Liberia: Correction and City Police Officers Wearing Identical Uniform

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Officers of the Monrovia City Police

Monrovia – officers of the Bureau of Correction (BCR) and Monrovia City Corporation (MCC) are now seen across streets of Monrovia attired in indistinguishable uniforms, something experts say might have some security implications.

Report by Bettie K. Johnson-Mbayo, [email protected]

They say this makes it difficult to identify the two set of officers especially if a crime is committed.

Johnny Bolar Dean, former investigator of Liberia National Police said it is unlawful on grounds that tracing the particular entity will be difficult if two entities wear the same uniform, adding that the two entities should correct the wrong.

The MCC, before the ascendency of current mayor Jefferson Koijee, wore dark Gray top and Blue short.  Now, they are wearing bright gray same as officers of BCR officers have been wearing.

“In an emergency situation, you don’t want to have to look around to determine the right person to go to. If there’s a uniformed officer on hand, the decision is easily made for anybody and will instantly recognize the person to alert,” he said, adding that there are five key reasons for uniform as it relates to paramilitary.

“Peace of Mind for the General public – when security officers are on hand and in uniform, the public is reassured by their presence,” he said.

Dean added that security officers wearing uniform is for greater deterrence of crimes, saying “when a would-be criminal sees an officer in uniform on location, this provides a strong deterrent for crime or criminal activities.

“When an officer puts on the uniform, they’re able to feel a sense of pride in their own presentation, and in their affiliation,” he said.

According to him, it is a reflection of the professionalism of the peoples in addition to the security institution itself, and that it is proper and appropriate for two security institutions not to wear the same uniform.

Correction Officers of the Ministry of Justice

Oliver Briggs, former correction officer in an exclusive interview with FPA, added he was surprised that to see officers of the two institutions wearing the same uniform.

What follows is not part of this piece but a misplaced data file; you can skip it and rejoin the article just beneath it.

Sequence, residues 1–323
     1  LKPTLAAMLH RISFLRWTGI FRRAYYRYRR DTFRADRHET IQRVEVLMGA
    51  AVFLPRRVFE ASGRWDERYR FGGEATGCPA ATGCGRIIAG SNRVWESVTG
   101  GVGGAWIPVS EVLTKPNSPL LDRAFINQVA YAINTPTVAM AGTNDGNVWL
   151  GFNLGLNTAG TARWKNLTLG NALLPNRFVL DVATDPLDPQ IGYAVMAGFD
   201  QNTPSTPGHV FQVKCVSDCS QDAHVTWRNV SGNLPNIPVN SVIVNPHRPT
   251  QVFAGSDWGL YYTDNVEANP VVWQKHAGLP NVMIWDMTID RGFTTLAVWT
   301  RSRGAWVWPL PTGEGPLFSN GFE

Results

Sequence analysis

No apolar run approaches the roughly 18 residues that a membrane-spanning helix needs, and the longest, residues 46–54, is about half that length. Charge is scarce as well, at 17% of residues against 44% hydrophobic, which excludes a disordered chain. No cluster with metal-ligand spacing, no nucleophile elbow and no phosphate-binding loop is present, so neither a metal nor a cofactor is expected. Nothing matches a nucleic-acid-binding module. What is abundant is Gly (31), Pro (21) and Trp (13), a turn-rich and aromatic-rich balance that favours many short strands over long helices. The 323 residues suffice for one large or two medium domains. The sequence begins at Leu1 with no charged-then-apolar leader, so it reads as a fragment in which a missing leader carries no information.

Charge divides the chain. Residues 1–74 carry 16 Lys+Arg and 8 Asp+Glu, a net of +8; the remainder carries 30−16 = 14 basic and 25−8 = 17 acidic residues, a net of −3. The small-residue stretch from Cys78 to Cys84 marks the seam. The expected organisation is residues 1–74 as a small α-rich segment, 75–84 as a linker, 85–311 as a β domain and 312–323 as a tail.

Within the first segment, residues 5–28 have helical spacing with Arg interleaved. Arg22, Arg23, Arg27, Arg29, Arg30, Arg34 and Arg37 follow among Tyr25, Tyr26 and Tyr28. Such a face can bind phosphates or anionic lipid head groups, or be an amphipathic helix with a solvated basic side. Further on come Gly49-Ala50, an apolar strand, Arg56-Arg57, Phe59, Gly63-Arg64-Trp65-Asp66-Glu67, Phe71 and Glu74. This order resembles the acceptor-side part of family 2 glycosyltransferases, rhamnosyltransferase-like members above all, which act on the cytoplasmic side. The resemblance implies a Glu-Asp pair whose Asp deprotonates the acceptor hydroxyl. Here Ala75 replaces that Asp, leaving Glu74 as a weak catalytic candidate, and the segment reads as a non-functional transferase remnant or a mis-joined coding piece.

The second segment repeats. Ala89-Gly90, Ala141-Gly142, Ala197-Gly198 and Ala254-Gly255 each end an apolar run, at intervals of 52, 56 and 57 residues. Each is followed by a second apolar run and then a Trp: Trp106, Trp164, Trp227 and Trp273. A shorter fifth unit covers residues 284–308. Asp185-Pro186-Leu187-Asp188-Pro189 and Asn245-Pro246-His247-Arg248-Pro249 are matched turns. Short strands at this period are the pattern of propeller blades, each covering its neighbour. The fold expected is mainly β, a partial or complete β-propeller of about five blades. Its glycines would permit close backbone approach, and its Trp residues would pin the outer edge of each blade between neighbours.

“That shouldn’t be the case. Two different security agencies using the same uniform should not be supported by any head,” he advised.

Briggs thinks that the BCR is the only security agency lawfully authorized to use the uniform in question.

The ex-correction officer said BCR has for several years used the current uniform, long before any other security apparatus.

He said though there is no law to regulate the uniform amongst security agencies of the country, a statute was drafted during ex-president Ellen Johnson Sirleaf regime but has not been enacted.

“In any case, I still feel that even in the absence of a law against such practice, no two security agencies should use the same outfit,” he said.  “I and many others, believe that such uncontrolled practice only breeds confusion and a high degree of security risks.”

Marc Amblard, former Inspector general of the Liberia National Police, recalled how customs revenue class A uniform was like the Police class A uniforms and it  was changed after a complaint was made.

With current situation, Amblard says there could be some implications or there could be none.

“It’s highly speculative to predict one way or another. The rules forbid private security uniforms from resembling state security uniforms but it is silent as it regards intra state uniforms,” he said.

When contacted, Eddie Tarawali, Assistant Minister of correction and rehabilitation at the Ministry of Justice, told FPA that he is not embarrassed by the uniform. He recommended that our reporter speak with the head of joint security team.

Pekeleh Gbuapaye, Public Relations officer at MCC, in an interview with FPA said the uniform is the original uniform of the city government.

MCC has taken notice of both institutions wearing the same uniform but contested that the color has been the original color of the City Corporation since 1904, that was even before BCR was established, he said.

Gbuapaye noted that the MCC is returning to its roots thereby changing gray and blue that was previously worn to entirely gray.

“The thing is not why was it changed, the thing is who is the original owner of the gray color, looking back at history when the city police was established, the gray is the original,” he said, adding that both institutions wearing the same uniform is not an embarrassment.

“That is the reason we have told our officers to carry the badge so they can be distinguished from BCR officer. So, we do not see any problem with that.”

Theresa Paye, a petty trader, said she has no time to distinguish between the officer on grounds that both of them attire in the same uniform.

“For me, I can read, what about those who can’t, why if it is BCR officers raiding us from the street, which time we will have to read their badge to know if they are MCC or BCR officer,” she said.

Theresa is recommending that the Ministry of Justice takes charge of the issue so that both entities can be distinguished.

Alieu Farr, a money exchanger, added that “it is unfortunate” that the two entities will choose to confuse citizens, knowing that not many citizens are educated.

“I don’t have time to read like many others, the other day we saw BCR officer we were running, thinking it  was MCC officers, so the people who should take control, handle this, they must do it now.”

Meanwhile, several Monrovia city police officers are still using the Gray and Blue uniform especially those assigned at the Monrovia City Court.

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